ASAF AVIDAN 311.
(photo credit: Yistaca Shoshan)
Back in the Seventies there was an advertising drive by beer companies across Britain, to get people to consume beer at home and not only in the pubs. I recall beer being sold in an enormous 7-pint barrel-shaped can called, naturally enough, a Party Seven. While Maccabi doesn’t sell beer in such large containers there was an abundance of the beverage on tap at a home in Jerusalem’s quaint Nachlaot neighborhood earlier this week, at the latest installment of the Maccabi Home Tour series.
Anyone familiar with Nachlaot, if they thought about it in musical terms at all, might possibly consider the likes of klezmer or hassidic music being played there. But to bring a rock band with the profile, not to say amp output, of Asaf Avidan and the Mojos, to perform in the living room of a Nachlaot home sounds incongruous if not downright surreal. In the event, Sunday’s gig by Avidan and the band was an entertaining and heartwarming experience, enjoyed by one and all of the 40 or so invited members of the audience.
And if anyone thought that Avidan was going to go the gentle unplugged route, they were swiftly disillusioned. Although he kicked off the show with a couple of quieter numbers, with only his acoustic guitar for company, things got far noisier when the Mojos joined in and it was all system go from then on in.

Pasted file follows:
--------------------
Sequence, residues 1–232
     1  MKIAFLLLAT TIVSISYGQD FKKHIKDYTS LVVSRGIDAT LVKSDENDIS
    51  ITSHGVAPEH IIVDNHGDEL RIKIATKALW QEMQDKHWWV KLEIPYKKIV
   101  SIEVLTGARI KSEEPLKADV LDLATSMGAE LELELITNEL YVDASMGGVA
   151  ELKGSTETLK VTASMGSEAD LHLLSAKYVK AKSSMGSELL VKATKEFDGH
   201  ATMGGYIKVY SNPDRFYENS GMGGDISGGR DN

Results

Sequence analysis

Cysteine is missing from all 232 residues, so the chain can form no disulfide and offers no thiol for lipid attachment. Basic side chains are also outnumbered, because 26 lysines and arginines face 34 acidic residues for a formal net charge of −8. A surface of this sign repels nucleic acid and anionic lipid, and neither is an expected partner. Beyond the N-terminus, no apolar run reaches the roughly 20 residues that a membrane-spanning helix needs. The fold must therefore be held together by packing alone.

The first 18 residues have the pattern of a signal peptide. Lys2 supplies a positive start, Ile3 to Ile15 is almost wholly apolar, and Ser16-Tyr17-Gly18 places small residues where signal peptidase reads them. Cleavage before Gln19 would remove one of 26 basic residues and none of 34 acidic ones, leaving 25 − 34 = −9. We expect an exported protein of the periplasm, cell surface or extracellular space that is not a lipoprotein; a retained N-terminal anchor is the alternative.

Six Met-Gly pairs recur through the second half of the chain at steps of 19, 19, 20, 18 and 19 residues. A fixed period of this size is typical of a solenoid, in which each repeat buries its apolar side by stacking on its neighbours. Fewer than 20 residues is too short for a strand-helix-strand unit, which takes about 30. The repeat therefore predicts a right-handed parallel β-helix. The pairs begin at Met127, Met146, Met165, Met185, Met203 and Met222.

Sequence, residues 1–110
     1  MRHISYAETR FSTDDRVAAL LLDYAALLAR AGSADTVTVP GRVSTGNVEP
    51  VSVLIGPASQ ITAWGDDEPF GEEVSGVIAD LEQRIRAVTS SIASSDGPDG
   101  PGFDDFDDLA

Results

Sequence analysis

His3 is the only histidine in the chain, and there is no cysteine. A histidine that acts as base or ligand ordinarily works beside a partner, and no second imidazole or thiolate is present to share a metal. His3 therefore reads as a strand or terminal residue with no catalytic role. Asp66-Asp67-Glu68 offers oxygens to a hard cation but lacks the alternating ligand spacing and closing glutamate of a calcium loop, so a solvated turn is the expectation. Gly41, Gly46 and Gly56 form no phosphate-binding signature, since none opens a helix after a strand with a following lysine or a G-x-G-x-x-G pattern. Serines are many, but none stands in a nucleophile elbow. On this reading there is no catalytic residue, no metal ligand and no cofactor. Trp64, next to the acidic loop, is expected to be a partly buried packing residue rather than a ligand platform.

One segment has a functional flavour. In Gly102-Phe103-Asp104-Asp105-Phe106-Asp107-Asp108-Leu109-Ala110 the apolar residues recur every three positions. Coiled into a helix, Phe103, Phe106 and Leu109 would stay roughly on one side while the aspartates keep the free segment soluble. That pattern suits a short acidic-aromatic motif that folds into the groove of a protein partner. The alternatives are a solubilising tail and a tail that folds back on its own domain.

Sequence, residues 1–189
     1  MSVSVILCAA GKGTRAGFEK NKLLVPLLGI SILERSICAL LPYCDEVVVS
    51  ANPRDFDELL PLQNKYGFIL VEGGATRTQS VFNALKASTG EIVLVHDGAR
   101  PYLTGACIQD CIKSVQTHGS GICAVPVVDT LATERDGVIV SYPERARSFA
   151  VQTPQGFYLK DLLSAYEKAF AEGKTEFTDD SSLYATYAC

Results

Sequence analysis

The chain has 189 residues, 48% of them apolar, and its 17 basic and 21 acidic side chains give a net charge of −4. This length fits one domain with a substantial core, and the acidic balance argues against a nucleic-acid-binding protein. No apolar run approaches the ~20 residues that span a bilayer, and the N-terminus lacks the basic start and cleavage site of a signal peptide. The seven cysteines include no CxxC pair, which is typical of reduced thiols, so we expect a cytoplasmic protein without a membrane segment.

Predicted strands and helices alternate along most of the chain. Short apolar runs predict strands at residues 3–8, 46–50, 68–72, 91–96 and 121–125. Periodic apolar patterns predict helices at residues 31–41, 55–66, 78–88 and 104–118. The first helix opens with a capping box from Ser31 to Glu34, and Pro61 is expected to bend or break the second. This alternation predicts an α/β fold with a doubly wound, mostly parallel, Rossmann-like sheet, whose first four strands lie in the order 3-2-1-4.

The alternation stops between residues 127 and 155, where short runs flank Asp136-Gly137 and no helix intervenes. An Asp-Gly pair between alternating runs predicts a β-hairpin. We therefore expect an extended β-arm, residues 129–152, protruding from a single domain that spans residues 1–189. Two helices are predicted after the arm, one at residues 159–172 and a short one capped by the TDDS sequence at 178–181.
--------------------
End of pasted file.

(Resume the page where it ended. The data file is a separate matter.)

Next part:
The music and the atmosphere – at once intimate and powerful – had
everyone dancing and jumping within minutes of the start of the show.
The soundman had done his homework, although the upright piano provided
by the hosts sounded like the kind of instrument you’d find in a saloon
in some Wild West shanty town of the late 19th century. Occasional
pianist Avidan proved to be up to the task, and the audience were
appreciative of his fingerwork on the slightly tarnished keys.
One of the hosts – the three-story house is home to half a dozen,
presumably wellheeled, students – Vania Heiman got to sit in for one of
the numbers on guitar, while another member of the 20-something audience
contributed well-intentioned though not exactly polished vocals to
Both received rapturous applause.
After the show bassist Ran Nir observed that, in terms of ambiance and
attendance, the show was similar to the previous gigs in Ramat Hasharon
and Ramat Gan, although admitting that there hadn’t been quite so many
kippa wearers there as at the Jerusalem show.
Before the show, microphones and speakers notwithstanding, it was hard
to imagine a bona fide rock concert taking place right there, in the
living room, and during the show it seemed the most natural thing in the
world. Then, suddenly, it was all over.
There were no encores and the audience gradually drifted outside and
back to the crisp night air and the quiet narrow streets of Nachlaot.More details about the Maccabi Home Tour series, as well as clips of the shows, are available at www.hometour.co.il.